b. Identification Evidence
Lavayen submits that counsel was objectively unreasonable in failing to adduce evidence that a person other than petitioner had been identified as the shooter. The argument focuses primarily on the identification made by Hu Len Ginn.
To the extent two other persons identified someone other than Lavayen as the shooter, we cannot conclude that it was objectively unreasonable for counsel not to have called the witnesses in light of evidence indicating that they were not, in fact, on the scene at the time of the fatal shooting. See Sacco v. Cooksey, 214 F.3d 270, 274 (2d Cir. 2000) (holding that counsel not obliged to call witnesses who are themselves impeachable). To the extent Lavayen faults counsel for failing to elicit these persons' identifications from a police witness, he fails to demonstrate that such hearsay evidence would have been admissible. See Lynn v. Bliden, 443 F.3d 238, 252-53 (2d Cir. 2006) (deferring to state-court rejection of ineffectiveness claim where un-introduced evidence could have constituted inadmissible hearsay).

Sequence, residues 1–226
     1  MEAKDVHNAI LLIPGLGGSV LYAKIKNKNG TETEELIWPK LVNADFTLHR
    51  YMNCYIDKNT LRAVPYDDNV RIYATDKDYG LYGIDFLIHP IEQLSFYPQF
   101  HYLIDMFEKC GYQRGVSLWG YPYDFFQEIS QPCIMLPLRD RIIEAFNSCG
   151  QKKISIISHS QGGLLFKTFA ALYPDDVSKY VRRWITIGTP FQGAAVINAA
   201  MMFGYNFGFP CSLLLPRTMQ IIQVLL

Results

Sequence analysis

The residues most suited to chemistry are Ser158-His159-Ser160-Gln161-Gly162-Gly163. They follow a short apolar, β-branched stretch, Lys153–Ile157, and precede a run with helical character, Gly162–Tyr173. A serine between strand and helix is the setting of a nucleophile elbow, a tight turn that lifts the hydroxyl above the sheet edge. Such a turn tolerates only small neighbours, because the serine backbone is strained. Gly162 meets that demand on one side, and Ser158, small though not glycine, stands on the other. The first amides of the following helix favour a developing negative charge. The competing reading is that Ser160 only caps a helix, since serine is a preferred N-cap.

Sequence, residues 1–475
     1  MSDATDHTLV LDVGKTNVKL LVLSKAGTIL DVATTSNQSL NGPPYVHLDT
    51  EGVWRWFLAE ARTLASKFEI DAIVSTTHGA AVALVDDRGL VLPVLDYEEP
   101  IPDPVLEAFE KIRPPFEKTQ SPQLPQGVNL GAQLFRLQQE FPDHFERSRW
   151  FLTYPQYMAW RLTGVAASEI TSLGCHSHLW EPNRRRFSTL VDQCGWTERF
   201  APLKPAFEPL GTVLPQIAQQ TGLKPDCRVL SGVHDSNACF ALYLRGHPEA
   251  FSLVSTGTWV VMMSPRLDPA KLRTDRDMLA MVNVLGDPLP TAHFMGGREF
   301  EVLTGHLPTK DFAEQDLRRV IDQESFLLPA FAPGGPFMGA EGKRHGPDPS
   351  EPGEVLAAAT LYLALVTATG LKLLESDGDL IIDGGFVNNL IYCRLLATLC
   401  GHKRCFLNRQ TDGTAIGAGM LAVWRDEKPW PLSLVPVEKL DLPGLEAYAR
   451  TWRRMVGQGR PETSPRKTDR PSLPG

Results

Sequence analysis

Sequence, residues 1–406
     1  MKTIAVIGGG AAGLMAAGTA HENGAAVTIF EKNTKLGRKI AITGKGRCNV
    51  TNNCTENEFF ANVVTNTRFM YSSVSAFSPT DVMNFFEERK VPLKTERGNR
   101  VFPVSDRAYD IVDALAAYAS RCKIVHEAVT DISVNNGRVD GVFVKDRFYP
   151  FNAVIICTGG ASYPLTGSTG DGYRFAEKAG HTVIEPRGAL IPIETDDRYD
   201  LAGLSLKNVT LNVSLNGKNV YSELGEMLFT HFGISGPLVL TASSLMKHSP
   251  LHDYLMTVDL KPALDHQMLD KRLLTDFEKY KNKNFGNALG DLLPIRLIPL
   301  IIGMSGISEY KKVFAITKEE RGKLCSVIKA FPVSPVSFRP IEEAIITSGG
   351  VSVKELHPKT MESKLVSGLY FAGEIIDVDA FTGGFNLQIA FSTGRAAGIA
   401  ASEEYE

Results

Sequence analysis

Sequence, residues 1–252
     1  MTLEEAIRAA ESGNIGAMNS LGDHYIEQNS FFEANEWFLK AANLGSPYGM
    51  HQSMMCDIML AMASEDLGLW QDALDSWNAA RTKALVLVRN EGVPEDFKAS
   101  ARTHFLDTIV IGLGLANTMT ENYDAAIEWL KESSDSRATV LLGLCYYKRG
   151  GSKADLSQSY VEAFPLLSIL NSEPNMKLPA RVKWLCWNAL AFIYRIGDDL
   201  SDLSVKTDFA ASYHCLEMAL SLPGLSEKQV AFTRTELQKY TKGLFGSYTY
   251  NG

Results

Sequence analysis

"[T]he tactical decision of whether to call specific witnesses — even ones that might offer exculpatory evidence — is ordinarily not viewed as a lapse in professional representation." United States v. Schmidt, 105 F.3d 82, 90 (2d Cir. 1997); accord Greiner v. Wells, 417 F.3d 305, 323 (2d Cir. 2005). No different conclusion is warranted in this case, because Ginn's testimony presented certain concerns for the defense. Notably, although Ginn identified a person other than the defendant as the fatal shooter, his account corroborated the prosecution theory in two respects: (1) that Lavayen was at the scene of the murder; and (2) that just one person was firing a gun. This evidence would necessarily have precluded the defense from arguing that the prosecution could not prove beyond a reasonable doubt (1) Lavayen's presence at the murder site, or (2) who among three to six shooters actually killed the victim. See generally Mitts v. Scully, 826 F.2d 1192, 1197 (2d Cir. 1987) (rejecting claim that counsel was constitutionally ineffective in not offering evidence that could be disadvantageous to defendant). Defense counsel's unwillingness to sacrifice these arguments to secure Ginn's testimony cannot be deemed objectively unreasonable in light of the significant grounds to impeach Ginn's identification: (1) his long-time friendship with Lavayen, (2) his serious criminal record, and (3) inconsistencies in his account of the shooting. See Sacco v. Cooksey, 214 F.3d 270, 274 (2d Cir. 2000). Indeed, the possibility of Ginn's impeachment was of particular concern in this case because Morgan, the prosecution witness who identified Lavayen, had no record and no motive to make a false identification. Moreover, the inconsistencies in Morgan's statements to the police were far less significant than Ginn's.